Politicians can preen and bask in how caring and generous they are being to the public, but each time they come out with these bribes they may as well be declaring to the world exactly what Liam Byrne did. "We're broke, there is no money left, we're not going to reduce the size of government, so we're bribing you in another way".

With regard the living wage, much of the emphasis today has been on how it is just a voluntary thing; how "responsible" employers will be happy to pay it; how it is the right thing to do; and how it will 'boost morale'. However, we've seen those arguments for a long time now - the living wage is not a new idea, the foundation to promote it was set up over a decade ago. What has changed is Miliband's new, more sinister, tack of 'naming and shaming' companies which don't (or, more likely, can't) pay it, and demanding it be a requirement for any firm bidding on public sector contracts.

Y'see, despite the living wage apparently being a wonderful "idea whose time has come", according to David Cameron, even someone as big a fan as Miliband knows it will be disastrous for business and the economy right now, or he'd be promising to make it mandatory. So today we've just seen the first little baby steps of what will be a future requisition of private assets for political electioneering when things pick up (and the roof can again be left unfixed while the sun is shining).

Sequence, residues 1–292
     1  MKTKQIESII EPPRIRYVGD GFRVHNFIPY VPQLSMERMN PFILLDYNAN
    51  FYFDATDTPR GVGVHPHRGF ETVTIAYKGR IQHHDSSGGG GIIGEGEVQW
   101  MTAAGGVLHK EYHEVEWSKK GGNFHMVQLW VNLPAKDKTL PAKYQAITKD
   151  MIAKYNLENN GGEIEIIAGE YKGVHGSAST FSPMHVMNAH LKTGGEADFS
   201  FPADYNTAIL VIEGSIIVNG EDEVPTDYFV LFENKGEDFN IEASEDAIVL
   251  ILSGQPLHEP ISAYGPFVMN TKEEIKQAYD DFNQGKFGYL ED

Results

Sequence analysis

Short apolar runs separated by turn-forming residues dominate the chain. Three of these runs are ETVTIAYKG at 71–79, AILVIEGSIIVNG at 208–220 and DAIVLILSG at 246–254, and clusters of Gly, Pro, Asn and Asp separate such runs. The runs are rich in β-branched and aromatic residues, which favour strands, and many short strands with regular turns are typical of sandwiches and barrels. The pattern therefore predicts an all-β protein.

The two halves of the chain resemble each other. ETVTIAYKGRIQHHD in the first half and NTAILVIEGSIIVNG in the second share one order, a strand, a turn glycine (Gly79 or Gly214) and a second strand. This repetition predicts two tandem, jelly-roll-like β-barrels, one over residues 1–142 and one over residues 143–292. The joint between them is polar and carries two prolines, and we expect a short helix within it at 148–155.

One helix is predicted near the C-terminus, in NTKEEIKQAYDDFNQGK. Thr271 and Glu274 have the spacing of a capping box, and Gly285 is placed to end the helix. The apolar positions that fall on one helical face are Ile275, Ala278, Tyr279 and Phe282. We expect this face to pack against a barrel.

A perfect example of how this will work can be seen in a history of statutory sick pay (SSP) - it is also an illustration of both the dwindling disposable income of the state in the past 30 years and the bribe mentality not being shy of encumbering private and public sector alike and, by extension, consumers and taxpayers who would suffer the passing on of costs.

Introduced in 1983, SSP guaranteed a certain level of sick pay for employees but it could be reclaimed 100% by businesses, therefore it was funded by the state out of tax receipts. In 1991, government found that they couldn't afford this so reduced the amount claimable to 80%. This 80% was later removed almost entirely in 1994 and, hey presto, benevolent government was treating employees without cost to any of their ever-expanding spending plans. They couldn't afford it any more, they were broke.

See? Liam Byrne wasn't the first, politicians have been telling us there's no money left for a long time, you just have to listen carefully. How honest of Ed to emphasise it yet again, eh?


Curmudgeon said...

Well, if the government wants to pay more for external services, go ahead. And surely the whole thing is inherently inflationary.

P JH said...

As has been pointed out else-internet[1]...

37.5hrs * 48 weeks * £7.45 'living wage' produces a net salary of £11,650.84[2] this tax year.

That works out to (£11,650.84/(37.5*48)) = £6.472*

The current minimum wage is £6.19[3]